The “L” Word

Ever since the “Tea Parties” hit the scene, “libertarianism” has garnered a lot of attention. Unfortunately, that means that a lot of frankly absurd stereotypes have been dredged up to describe a political philosophy that most people don’t know anything about. In response to a piece in New York Magazine, Reason’s Radley Balko has put up a couple of posts seeking to dispel some of the more idiotic myths that seem resurface any time someone mentions the word “libertarian”:

Not all libertarians cut their teeth on Ayn Rand. I’ve never been much of a fan. She was important in many ways, detrimental in many others. The drug references were a bit too cute, too. Beam’s reference to Somalia was also silly and cliched. Somalia isn’t a libertarian paradise any more than North Korea is a progressive paradise. That is, libertarians don’t advocate the absence of government any more than progressives advocate all-powerful government. We advocate the rule of law. There is no law in Somalia.


People use the utopia canard  to make libertarianism seem creepy and cultish. Look, politics is a dirty, corrupt profession that rewards people who display the characteristics you least want in someone in whom you entrust important decisions about your life. The general premise of libertarianism is that people should be free to make their own decisions about their lives—that as much of our lives as possible should be kept within the sphere of civil, voluntary society, and out of the sphere of political society. There would still be problems in a libertarian society. There would still be crime, income inequality, acne, nu metal, and reality TV. Most libertarians merely believe that in a libertarian society, most people would be better off than they are now—that being free to make more of your own choices is preferable to having politicians make them for you. Most conservatives and liberals also believe that most people would be better off if their own policy preferences were implemented. That isn’t in the same ballpark as promising utopia. People will still make bad decisions. They should be free to do so.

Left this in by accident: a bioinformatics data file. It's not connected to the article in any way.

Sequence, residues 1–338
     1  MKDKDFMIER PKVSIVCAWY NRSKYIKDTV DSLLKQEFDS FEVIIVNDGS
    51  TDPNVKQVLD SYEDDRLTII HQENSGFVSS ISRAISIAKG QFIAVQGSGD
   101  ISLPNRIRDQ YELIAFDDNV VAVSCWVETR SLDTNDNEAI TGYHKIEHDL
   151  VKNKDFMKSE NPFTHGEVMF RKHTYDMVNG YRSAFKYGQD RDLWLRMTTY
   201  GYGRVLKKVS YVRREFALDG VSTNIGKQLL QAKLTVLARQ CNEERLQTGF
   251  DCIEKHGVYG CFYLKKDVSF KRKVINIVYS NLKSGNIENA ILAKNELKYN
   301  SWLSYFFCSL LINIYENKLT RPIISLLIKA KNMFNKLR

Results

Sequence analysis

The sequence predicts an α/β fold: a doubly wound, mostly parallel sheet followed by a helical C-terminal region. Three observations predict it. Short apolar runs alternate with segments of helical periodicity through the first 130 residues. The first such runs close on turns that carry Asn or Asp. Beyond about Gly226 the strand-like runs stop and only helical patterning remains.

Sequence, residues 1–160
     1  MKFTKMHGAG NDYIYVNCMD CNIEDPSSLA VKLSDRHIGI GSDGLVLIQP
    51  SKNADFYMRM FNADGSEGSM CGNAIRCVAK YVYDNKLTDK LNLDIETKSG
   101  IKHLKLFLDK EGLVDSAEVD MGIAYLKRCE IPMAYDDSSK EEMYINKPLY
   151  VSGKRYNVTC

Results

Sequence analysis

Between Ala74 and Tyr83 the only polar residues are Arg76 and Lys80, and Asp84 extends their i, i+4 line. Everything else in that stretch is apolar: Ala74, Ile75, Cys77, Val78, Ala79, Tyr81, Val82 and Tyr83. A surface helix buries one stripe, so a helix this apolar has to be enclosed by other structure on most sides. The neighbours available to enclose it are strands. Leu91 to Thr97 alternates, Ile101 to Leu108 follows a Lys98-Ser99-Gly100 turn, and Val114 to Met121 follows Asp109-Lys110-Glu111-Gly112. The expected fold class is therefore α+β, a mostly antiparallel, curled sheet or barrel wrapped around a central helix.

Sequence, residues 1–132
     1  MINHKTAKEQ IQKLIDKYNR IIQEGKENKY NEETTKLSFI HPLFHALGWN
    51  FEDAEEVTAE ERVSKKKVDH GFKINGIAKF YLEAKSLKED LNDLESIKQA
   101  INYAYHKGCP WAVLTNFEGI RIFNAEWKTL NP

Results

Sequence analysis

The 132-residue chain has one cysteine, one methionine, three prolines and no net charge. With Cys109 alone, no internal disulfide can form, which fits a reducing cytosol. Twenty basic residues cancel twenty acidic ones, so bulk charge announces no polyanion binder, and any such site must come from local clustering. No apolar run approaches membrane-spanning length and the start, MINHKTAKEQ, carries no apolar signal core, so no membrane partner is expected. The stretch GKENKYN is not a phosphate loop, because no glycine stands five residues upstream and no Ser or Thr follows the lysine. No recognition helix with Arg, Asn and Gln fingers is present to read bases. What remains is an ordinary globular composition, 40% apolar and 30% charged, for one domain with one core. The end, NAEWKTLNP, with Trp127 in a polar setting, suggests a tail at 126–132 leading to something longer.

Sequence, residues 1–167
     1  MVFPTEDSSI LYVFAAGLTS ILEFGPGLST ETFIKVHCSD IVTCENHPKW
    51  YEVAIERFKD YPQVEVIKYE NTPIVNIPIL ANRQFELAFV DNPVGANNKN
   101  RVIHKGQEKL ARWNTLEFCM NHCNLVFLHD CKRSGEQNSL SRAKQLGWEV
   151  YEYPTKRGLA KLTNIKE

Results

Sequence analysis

If anything is utopian, it’s the idea that the world would be much better off if only we put more of society in the hands of a few very smart people who somehow know all the answers.

This seems about right. What’s with all the abject fear and loathing of people who want to leave you alone to pursue the sort of life you want to lead?


I’m suddenly reminded of this garbage from back in April:

Anarchistic like the Sixties, selfish like the Eighties, contradicting neither, it is estranged, aimless, and as juvenile as our new century. It appeals to petulant individuals convinced that they can do everything themselves if they are only left alone, and that others are conspiring to keep them from doing just that. This is the one threat that will bring Americans into the streets.Welcome to the politics of the libertarian mob.

Are you fucking kidding me?


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